Searching \ for ' [EE] OpAmp magic' in subject line. ()
Make payments with PayPal - it's fast, free and secure! Help us get a faster server
FAQ page: www.piclist.com/techref/index.htm?key=opamp+magic
Search entire site for: 'OpAmp magic'.

No exact or substring matches. trying for part
PICList Thread
'[PICLIST] [EE] OpAmp magic'
2002\06\28@114049 by thomas

flavicon
face
Hi all!

Would anybody care to help a newbie out on OpAmp basics? I'm working
with some pressure sensors, one with static pressure for altitude
measurement and one differential for airspeed. I've searched the net for
basic opamp designs and found some useful pages.

I've set a span for the pressure ranges I'm interested in which is quite
less than the full dynamic range of the sensor. So I'd like to amplify
the signals to maximize ADC resolution over my range.

The amplification for the altitude sensor is inverting, which is good
since I get higher readings for higher altitudes with less pressure. I
worked from the description at
http://www.chipcenter.com/embapps/emba004.htm and now have a circuit
which produces the right values when simulated in Protel.

I do have trouble with the non-inverting one, though.

There's a good example at
http://www.tfs.net/~petek/rockets/altimeter/circuit.html, but I cannot
figure out how to go from the first circuit, with two opamps, to the
second with only one. I want to map a span of 0,2V - 0,439026V to the
ADC's 0-5V, non-inverting. And there might be issues with noise etc
since the interesting range is so narrow.
Of course, I could do it inverted and handle that in software, but
shouldn't this be a really basic thing??

I'd be happy to provide anyone with my calculations, circuits etc if
anyone's interested.

Regards,

Thomas

--
http://www.piclist.com hint: The PICList is archived three different
ways.  See http://www.piclist.com/#archives for details.


2002\06\28@134008 by Brendan Moran

flavicon
face
> There's a good example at
> http://www.tfs.net/~petek/rockets/altimeter/circuit.html, but I cannot
> figure out how to go from the first circuit, with two opamps, to the
> second with only one. I want to map a span of 0,2V - 0,439026V to the
> ADC's 0-5V, non-inverting. And there might be issues with noise etc
> since the interesting range is so narrow.
> Of course, I could do it inverted and handle that in software, but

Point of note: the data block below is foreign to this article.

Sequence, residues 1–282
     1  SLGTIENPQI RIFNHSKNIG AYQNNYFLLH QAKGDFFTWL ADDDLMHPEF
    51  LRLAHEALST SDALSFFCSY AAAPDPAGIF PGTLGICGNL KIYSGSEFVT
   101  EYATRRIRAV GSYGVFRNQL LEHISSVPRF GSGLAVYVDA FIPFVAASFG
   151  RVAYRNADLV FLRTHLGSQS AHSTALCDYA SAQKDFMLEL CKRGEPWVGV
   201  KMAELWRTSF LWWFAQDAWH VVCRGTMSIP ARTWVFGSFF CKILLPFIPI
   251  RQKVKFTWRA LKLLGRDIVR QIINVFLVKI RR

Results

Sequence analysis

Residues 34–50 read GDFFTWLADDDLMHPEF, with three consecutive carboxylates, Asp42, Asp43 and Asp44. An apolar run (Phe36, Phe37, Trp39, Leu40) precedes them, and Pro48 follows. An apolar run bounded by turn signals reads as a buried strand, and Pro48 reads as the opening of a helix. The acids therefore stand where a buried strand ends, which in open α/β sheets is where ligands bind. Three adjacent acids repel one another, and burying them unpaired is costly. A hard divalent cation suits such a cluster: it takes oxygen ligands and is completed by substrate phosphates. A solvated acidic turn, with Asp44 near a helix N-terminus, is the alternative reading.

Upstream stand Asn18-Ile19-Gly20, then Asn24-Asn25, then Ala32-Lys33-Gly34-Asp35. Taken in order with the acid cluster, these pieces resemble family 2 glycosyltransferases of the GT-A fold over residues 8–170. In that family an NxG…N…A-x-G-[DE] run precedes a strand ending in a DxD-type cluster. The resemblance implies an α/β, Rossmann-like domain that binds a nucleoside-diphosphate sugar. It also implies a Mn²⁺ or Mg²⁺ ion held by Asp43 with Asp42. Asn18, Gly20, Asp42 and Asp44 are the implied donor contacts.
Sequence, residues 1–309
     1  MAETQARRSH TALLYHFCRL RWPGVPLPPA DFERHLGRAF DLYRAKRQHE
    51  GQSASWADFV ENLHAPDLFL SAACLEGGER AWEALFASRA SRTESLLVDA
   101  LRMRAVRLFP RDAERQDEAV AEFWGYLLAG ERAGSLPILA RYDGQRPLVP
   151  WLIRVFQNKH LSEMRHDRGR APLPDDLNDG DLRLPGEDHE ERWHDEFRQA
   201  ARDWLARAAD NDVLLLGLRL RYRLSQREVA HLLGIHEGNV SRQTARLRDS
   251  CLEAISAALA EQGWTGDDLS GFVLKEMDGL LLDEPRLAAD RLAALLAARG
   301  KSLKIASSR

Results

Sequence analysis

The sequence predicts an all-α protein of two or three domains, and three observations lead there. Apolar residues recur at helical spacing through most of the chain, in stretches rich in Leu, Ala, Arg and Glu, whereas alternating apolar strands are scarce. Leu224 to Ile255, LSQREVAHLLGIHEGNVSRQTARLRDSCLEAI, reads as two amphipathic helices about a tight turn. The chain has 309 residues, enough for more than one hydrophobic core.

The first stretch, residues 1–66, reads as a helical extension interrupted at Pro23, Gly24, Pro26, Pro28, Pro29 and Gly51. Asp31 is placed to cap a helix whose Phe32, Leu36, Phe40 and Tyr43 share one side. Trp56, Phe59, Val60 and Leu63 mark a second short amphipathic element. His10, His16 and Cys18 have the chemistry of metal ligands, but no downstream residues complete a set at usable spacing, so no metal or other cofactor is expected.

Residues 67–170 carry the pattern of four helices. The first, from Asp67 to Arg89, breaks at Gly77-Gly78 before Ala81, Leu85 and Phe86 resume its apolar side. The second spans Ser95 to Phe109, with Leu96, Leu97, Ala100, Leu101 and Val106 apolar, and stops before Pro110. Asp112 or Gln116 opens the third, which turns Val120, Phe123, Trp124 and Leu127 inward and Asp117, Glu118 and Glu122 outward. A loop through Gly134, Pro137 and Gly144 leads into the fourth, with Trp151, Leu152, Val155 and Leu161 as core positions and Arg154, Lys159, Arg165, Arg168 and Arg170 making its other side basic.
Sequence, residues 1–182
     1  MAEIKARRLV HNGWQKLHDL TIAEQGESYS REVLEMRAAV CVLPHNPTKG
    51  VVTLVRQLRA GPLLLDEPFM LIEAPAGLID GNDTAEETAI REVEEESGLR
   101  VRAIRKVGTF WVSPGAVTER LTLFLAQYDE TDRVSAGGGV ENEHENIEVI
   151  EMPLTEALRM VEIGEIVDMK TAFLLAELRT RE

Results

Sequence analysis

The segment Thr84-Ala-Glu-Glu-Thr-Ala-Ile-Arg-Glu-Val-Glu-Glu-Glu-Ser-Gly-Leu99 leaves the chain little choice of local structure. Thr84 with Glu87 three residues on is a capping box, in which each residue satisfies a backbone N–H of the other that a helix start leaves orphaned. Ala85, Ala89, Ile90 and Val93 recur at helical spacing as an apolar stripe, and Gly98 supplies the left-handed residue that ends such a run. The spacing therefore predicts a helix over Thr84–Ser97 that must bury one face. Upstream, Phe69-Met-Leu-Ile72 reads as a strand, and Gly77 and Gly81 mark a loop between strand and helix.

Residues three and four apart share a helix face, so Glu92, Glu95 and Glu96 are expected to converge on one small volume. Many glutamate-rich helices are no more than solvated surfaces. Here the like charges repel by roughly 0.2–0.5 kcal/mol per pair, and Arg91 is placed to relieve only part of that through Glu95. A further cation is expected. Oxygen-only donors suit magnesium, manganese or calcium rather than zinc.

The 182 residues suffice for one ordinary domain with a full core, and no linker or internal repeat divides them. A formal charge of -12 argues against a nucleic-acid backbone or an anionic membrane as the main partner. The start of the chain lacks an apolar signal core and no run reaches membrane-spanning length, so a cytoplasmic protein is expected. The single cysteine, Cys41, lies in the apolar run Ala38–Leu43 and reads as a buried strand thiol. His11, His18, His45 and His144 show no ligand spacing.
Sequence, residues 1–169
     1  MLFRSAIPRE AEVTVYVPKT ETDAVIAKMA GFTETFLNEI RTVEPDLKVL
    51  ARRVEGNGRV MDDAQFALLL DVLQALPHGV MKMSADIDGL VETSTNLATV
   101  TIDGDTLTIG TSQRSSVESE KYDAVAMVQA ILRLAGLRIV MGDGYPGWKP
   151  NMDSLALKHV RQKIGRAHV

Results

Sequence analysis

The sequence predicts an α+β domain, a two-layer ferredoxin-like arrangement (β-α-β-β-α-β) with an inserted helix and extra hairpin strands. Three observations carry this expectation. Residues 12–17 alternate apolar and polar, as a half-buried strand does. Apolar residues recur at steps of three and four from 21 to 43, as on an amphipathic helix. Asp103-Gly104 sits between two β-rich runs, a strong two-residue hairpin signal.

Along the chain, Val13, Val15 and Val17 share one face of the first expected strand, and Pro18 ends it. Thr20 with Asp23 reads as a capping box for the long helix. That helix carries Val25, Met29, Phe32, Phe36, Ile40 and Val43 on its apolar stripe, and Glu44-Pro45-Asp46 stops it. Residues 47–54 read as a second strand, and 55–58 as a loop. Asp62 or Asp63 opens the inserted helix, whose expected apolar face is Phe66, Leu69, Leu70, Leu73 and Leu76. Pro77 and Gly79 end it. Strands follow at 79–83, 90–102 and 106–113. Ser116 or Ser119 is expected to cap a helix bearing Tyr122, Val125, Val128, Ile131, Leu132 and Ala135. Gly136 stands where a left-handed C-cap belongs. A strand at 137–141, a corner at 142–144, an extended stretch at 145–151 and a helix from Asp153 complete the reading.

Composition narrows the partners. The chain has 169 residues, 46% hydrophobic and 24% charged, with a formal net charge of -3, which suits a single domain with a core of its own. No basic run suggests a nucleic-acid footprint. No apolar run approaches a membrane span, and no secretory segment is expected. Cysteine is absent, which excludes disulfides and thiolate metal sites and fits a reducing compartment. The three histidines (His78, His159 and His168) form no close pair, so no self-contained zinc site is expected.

> shouldn't this be a really basic thing??

Ok, frankly, you're going to need a pair of potentiometers and a DMM to do
this and get the numbers that exact.

Ok, the opamp needs to be biased at the average of the 2 extremes
(0.319513V) and it needs to have a gain of  5V/(Vupper-Vlower) which is
20.9182264691.

So, here comes the ASCII art:

       +5V
        |
        |
        |
        |           |\
Vin O-- | ----------|+\
         >          |  \
        <           |   >---+----O Vout
     R1  >          |  /    |
        <      +----|-/     |
         >     |    |/      |
        <      |            |
        |      |            |
        +------+--/\/\/\/---+
        |           R3
         >
        <
         >
     R2 <
         >
        <
        |
      -----
     / / /

(In case you havent seen ASCII art used before, copy this out of your email
program if it looks like garbage, and paste it into something that uses a
mono-spaced font like Notepad)

Ok, R1 and R2 can be a single potentiometer with the wiper connected to
the -ve input of the opamp, but if they are, then R3 should also be a
potentiometer.

So, to get the values of resistors required, here's what I did:
Av = R3*(1/R1 + 1/R2) + 1
Vbias = 0.319513 = 5 * R2 / (R1 + R2)

Solving the Vbias equation for R1,
R1 = R2(5-0.319513)-0.319513

Subbing into the Av equation,
Av = R3*(1 / (4.680487*R2 - 0.319513) + 1/R2) + 1
or
Av-1 = R3*(1 / (4.680487*R2 - 0.319513) + 1/R2)
Now, at this point, I used a graphing calculator to choose my values, as it
makes the formula easily reusable.

Since there is no third equation, we have to pick an arbitrary value

I picked 180k for R3, because it gave 10k for R2, and that gives roughly 50k
for R1.  The high resistance is better for low power, to reduce the power
loss in the divider, and since the opamp should have low output impedance,
anyways,

The actual values I calculated are the following:
R3 = 180k
R2 = 10.9678404701 kohms
R1 = 51.3316396084 kohms

If you use 2 pots, you'll need to do some careful calibrating.  Configure
the R1/R2 pot first, to get the correct bias voltage, then configure the R3
pot to get the right gain.

Oh, and make sure you use a rail-to-rail opamp, or you'll get some clipping.

Hope this helps.

Regards,
Brendan

--